Technology.am (Oct. 2, 2009) — Professor Birsen Yazici at Rensselaer Polytechnic Institute is developing a new test radar system that could allow radars to be used in crowded cities and other urban environments.
“Conventional radar systems are designed for open spaces, and they do not work very well when used in urban environments with clutter from power lines, buildings, and dynamically changing elements like vehicles and people,” said Birsen Yazici, associate professor of electrical, computer and systems engineering.
The new test bed, led by Yazici, will allow simulations of radar systems that are comprised of hundreds of miniature sensors communicating with ground sensors, unpiloted aerial vehicles, and satellites.
The new test bed will position antennas in a large cylindrical chamber. The antennas will transmit and receive test signals, resulting in an extensive collection of data that is equivalent to that obtained with hundreds of small RF sensors.
The 25-foot diameter chamber will be situated in Rensselaer’s Watervliet research facility.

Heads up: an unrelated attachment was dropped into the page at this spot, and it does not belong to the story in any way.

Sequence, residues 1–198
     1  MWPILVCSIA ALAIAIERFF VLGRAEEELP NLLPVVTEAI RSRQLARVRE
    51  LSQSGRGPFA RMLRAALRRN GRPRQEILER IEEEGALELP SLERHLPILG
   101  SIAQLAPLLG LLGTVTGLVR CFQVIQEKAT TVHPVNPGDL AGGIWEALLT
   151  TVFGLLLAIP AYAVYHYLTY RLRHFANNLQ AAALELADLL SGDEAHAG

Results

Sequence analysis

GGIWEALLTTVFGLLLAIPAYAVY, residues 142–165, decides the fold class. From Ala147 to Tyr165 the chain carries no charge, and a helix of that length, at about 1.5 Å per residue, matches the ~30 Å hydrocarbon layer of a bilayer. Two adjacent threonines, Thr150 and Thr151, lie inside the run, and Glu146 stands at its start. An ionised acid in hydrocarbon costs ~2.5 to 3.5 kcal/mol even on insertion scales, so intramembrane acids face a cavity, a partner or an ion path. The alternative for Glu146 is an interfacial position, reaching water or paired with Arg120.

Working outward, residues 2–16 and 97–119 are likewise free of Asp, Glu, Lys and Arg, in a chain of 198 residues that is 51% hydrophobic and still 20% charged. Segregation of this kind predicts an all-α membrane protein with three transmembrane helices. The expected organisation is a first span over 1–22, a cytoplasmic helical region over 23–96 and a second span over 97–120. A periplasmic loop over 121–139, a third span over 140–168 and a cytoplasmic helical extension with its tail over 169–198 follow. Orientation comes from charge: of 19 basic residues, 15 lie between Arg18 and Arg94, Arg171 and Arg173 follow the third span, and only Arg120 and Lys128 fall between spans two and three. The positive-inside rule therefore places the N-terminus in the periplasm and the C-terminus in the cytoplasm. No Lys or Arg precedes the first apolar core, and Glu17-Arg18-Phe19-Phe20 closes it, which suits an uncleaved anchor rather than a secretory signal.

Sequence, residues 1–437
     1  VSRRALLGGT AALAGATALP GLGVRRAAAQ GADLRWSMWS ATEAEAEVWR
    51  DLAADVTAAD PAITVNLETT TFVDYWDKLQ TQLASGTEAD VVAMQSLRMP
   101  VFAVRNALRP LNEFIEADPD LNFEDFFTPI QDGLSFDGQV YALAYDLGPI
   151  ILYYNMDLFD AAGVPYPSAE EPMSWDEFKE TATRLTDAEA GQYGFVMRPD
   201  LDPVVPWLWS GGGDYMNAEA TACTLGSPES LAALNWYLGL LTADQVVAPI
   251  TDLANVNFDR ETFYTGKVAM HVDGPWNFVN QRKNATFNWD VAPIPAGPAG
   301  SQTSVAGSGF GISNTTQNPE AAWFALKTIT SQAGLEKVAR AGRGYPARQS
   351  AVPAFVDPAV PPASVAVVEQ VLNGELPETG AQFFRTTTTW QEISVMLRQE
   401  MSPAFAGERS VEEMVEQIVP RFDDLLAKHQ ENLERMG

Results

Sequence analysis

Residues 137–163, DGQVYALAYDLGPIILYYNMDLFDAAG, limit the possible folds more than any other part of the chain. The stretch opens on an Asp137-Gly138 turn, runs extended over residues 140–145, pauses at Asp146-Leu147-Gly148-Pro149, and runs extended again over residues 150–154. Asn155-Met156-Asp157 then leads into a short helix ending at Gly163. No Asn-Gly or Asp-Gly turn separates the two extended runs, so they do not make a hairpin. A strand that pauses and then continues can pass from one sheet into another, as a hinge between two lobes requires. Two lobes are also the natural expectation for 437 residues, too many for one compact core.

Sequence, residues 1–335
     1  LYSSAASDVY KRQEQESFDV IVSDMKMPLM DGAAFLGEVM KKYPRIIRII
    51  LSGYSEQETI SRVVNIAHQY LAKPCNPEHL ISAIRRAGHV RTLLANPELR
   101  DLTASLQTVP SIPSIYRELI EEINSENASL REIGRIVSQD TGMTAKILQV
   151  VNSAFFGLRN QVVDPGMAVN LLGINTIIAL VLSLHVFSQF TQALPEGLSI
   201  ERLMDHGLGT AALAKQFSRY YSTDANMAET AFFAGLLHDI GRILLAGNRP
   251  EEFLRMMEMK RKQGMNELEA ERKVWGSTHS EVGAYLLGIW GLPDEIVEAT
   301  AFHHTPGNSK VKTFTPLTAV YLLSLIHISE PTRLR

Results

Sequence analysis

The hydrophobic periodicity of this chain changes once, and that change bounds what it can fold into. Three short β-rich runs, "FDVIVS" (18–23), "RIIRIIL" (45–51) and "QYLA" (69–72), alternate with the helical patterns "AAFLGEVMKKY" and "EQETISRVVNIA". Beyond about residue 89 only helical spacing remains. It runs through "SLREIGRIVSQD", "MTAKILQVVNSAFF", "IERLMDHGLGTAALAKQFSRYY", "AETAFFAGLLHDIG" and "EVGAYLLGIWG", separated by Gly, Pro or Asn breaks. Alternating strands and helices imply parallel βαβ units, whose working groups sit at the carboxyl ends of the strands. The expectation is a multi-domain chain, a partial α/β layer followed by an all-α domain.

The capabilities of the test bed will include developing accurate and simple wave propagation models for complex environments; performing experiments with waveform, polarization, and 3-D spatial diversity and time-reversal methodology; as well as testing and evaluating new capabilities in opportunistic sensing, passive imaging, wide-aperture imaging, integrated sensing and processing, and moving target imaging.
Yazici said the new test bed will also promote the transfer and exchange of ideas and capabilities with federal laboratories, serve as a shared facility for Rensselaer and the Air Force Research Laboratory, and facilitate interdisciplinary and multi-university research in sensing, medical imaging, networking, robotics, advanced antennas, and control of stray RF energy from power systems.
It will also be used for education, outreach, and training activities involving radar and other RF technologies.
This Radar plays an important role in transportation, communications, and other applications because radio waves can pass through clouds, smoke, and other obstructions that often limit visibility, Yazici said.